Nursing Theory

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Nursing Theory


The concepts identified within Benner's Nineteen Eighty Four research 'From Novice to Expert' have been widely adopted within UK nursing education and development.

Delya does feel like a novice, and falls back to seeking out propositional knowledge to help her feel secure. She needs to systematically learn new tasks, and to master the technical skills in the new area.

Benner's (1996) response to Cash is interesting, and perhaps begins to shed some light on this area.

Four concepts underlie the meta-paradigm of nursing and are the basis of the program of study: human beings, environment, health, and nursing practice.

The analysis of Benner's work which has been initiated through Delya's story highlights the fact that context, whilst important to Benner's work, is not a concept which has been scrutinised in any depth.

Within the UK, there has been an enthusiastic adoption of and at times, adaptation of Benner's work for use in curriculum design and delivery.

Cash (1995) highlights this area as part of his critique of Benner's work. He suggests that there is an incompatibility between the developmental nature of the model, and the focus on context:

The competent stage of skill acquisition is typically a time of heightened planning for what are now more predictable immediate futures.

Summary of the Model

Benner et al. (1996) identify within their work a group of nurses who, despite many years of experience are not characterised as experts, either in the judgement of their peers, or within the criteria developed within the research. In addition to this, both Macleod's research (1996) and the implications of this case study are that some nurses are more naturally disposed to develop expertise than others. If this is the case, and starting from the assumption that an expert nurse will give better care, then one of the challenges to researchers into nursing practice is to gain greater understanding of what makes an expert nurse, and what educational systems best facilitated his or her development.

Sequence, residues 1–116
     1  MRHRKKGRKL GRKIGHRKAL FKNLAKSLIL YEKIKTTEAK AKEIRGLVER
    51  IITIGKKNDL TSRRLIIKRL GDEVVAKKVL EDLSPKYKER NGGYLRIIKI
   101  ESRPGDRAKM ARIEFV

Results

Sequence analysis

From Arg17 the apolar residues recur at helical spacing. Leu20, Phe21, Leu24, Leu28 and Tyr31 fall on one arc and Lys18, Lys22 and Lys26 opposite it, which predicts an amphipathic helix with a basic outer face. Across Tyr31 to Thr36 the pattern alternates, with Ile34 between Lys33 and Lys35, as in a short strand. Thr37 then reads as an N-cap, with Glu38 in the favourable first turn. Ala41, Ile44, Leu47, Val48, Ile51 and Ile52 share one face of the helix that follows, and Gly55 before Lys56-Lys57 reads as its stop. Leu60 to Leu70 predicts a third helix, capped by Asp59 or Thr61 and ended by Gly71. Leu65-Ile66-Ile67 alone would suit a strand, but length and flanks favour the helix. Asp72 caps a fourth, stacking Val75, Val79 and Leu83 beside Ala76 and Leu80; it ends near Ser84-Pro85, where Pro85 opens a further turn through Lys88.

Quite apart from any learning regarding expertise and the work of Patricia Benner, it is worth noting that the reason Delya wrote the narrative was to fulfil the requirements for PREP. Through this initiative the UKCC have encouraged practitioners to examine in greater depth their professional practice. In turn, educational establishments who offer courses to qualified nurses have needed to develop learning experiences which see analysis of practice as a central element. Whilst many educational institutions may argue that they were doing this anyway, the advent of PREP could potentially herald within the UK a challenge to any theoretical developments which are not firmly grounded within practice. (Benner 2004)

Nursing Theory

Major Concepts In Benner's Theory

The concepts identified within Benner's Nineteen Eighty Four research 'From Novice to Expert' have been widely adopted within UK nursing education and development. This paper combines a narrative from a post-registration student with analysis of the literature as a case study for gaining greater understanding of Benner's work in practice. Delya's story both validates aspects of the concept of skill acquisition ...
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